authentic parenting + what works for us

December 18, 2013

My intentions in writing this post is both as a slight venting avenue + mostly, a share of my personal journey and what works for our family. I hope I can help others find what works and what does not work for them, and ideally find some clarity in this journey we call parenting. 

After seeing the Babies documentary twice, I know for a fact that American parents are one of the most high strung, controlling, hyper vigilant type of parents in all of the world. Fo' Real. Now that I have a 3 1/2 and an almost 1 1/2 year old set of boys, I have met parents of all walks of life, philosophies and ideals. I truly respect whatever perspective works for each parent, just as long as the kids are safe and happy. 

I aim to be authentic + honest in this sharing from our lives and my heart, I am definitely not perfect nor do I have everything figured out! The same idea applies to what I eat and what I feed my children. I don't beat myself up when we indulge, but we have very healthy tendencies.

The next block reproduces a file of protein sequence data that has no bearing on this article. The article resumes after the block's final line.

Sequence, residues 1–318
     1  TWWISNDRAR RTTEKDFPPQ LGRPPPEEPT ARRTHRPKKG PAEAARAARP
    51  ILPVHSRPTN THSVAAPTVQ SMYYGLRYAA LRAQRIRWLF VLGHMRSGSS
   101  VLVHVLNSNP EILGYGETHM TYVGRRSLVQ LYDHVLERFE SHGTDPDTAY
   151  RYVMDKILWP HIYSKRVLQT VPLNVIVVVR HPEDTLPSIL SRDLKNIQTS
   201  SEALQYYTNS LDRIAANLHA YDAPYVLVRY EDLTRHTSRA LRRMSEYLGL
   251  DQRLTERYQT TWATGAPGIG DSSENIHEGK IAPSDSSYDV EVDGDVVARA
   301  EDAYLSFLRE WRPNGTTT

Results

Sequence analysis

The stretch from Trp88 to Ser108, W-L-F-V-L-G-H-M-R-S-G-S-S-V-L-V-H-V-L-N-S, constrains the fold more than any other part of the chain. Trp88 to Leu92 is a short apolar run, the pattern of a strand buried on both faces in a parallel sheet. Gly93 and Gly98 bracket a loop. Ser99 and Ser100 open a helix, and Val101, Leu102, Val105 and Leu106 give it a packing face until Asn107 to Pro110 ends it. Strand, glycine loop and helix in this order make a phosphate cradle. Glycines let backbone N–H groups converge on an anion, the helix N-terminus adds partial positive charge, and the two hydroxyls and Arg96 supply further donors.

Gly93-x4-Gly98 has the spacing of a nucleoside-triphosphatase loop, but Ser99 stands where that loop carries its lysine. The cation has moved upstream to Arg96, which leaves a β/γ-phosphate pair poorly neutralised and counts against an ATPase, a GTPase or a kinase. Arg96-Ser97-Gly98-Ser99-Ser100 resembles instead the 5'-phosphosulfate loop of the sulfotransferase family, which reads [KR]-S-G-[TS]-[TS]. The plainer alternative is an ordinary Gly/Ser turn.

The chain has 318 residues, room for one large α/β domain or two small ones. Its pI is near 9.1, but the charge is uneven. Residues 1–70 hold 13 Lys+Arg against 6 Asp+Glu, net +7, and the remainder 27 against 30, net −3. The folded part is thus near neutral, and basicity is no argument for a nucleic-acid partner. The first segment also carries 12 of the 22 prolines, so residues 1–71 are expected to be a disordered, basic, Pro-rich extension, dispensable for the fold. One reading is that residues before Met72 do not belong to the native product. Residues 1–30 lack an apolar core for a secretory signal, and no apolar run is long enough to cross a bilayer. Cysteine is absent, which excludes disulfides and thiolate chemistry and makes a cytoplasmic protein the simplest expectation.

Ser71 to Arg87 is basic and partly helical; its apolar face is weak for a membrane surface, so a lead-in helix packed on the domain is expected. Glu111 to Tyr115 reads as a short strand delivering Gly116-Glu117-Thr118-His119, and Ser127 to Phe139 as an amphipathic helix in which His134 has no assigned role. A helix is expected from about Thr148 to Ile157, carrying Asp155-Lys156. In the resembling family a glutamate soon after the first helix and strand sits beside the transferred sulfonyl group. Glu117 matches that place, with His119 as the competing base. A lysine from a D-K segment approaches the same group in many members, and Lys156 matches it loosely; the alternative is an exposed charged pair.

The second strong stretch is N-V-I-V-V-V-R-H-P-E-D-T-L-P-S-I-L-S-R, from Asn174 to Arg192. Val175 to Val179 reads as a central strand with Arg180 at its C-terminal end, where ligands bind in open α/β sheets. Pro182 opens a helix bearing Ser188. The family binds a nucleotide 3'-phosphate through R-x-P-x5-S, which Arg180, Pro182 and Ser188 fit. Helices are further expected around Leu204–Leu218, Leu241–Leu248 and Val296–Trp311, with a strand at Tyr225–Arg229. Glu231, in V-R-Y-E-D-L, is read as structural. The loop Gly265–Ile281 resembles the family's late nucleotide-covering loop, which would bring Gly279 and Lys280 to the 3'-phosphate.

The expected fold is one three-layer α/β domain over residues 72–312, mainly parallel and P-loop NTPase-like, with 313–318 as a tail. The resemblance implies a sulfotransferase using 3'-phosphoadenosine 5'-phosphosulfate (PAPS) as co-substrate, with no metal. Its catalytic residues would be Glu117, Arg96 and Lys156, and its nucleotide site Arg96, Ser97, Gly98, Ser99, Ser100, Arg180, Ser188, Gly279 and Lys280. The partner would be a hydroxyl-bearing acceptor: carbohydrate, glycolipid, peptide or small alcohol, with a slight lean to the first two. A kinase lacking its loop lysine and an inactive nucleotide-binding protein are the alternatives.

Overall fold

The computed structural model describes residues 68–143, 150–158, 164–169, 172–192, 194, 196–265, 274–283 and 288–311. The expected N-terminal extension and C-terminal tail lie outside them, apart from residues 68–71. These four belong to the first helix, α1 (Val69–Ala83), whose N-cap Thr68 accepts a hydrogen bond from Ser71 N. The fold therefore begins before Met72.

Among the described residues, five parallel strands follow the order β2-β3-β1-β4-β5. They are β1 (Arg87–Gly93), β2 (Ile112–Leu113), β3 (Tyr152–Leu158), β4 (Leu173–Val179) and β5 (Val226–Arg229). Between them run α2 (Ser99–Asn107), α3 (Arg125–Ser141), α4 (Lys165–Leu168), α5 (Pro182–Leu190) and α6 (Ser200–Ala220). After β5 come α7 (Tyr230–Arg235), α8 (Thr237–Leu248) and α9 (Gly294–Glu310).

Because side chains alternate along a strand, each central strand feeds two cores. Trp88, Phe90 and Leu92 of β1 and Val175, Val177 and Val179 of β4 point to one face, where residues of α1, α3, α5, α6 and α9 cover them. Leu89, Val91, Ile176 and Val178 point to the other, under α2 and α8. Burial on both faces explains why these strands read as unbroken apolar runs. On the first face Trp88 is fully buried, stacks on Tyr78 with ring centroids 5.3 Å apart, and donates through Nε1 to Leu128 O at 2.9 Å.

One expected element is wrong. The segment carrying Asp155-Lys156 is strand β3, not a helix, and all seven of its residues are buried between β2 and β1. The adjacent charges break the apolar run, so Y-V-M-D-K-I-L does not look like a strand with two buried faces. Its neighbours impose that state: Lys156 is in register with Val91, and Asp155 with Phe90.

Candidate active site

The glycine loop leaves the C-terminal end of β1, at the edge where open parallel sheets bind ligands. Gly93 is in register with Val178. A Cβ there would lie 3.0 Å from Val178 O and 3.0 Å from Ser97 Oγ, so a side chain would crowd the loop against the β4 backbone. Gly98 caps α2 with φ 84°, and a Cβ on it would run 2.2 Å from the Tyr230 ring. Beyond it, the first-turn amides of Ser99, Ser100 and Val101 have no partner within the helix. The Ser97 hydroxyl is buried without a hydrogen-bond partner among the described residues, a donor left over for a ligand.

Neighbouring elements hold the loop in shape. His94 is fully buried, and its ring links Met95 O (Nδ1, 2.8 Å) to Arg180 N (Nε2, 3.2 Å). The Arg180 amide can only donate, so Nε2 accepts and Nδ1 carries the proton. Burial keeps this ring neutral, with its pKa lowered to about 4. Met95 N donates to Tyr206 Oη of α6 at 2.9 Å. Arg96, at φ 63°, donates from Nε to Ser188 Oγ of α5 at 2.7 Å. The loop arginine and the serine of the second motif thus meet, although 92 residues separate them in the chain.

During the early 1960s, psychologist Diana Baumrind conducted a study on more than 100 preschool-age children (Baumrind, 1967) Our personal type of parenting style is quite democratic. We are responsive to our babes and willing to listen to questions. When they fail to meet our expectations, we chose to be more nurturing and forgiving rather than punishing. Baumrind suggests that these types of parents "monitor and impart clear standards for their children’s conduct. They are assertive, but not intrusive and restrictive. Their disciplinary methods are supportive, rather than punitive. They want their children to be assertive as well as socially responsible, and self-regulated as well as cooperative" (1991). This is a great way to describe how Adi and I communicate with the kids and where our expectations lie.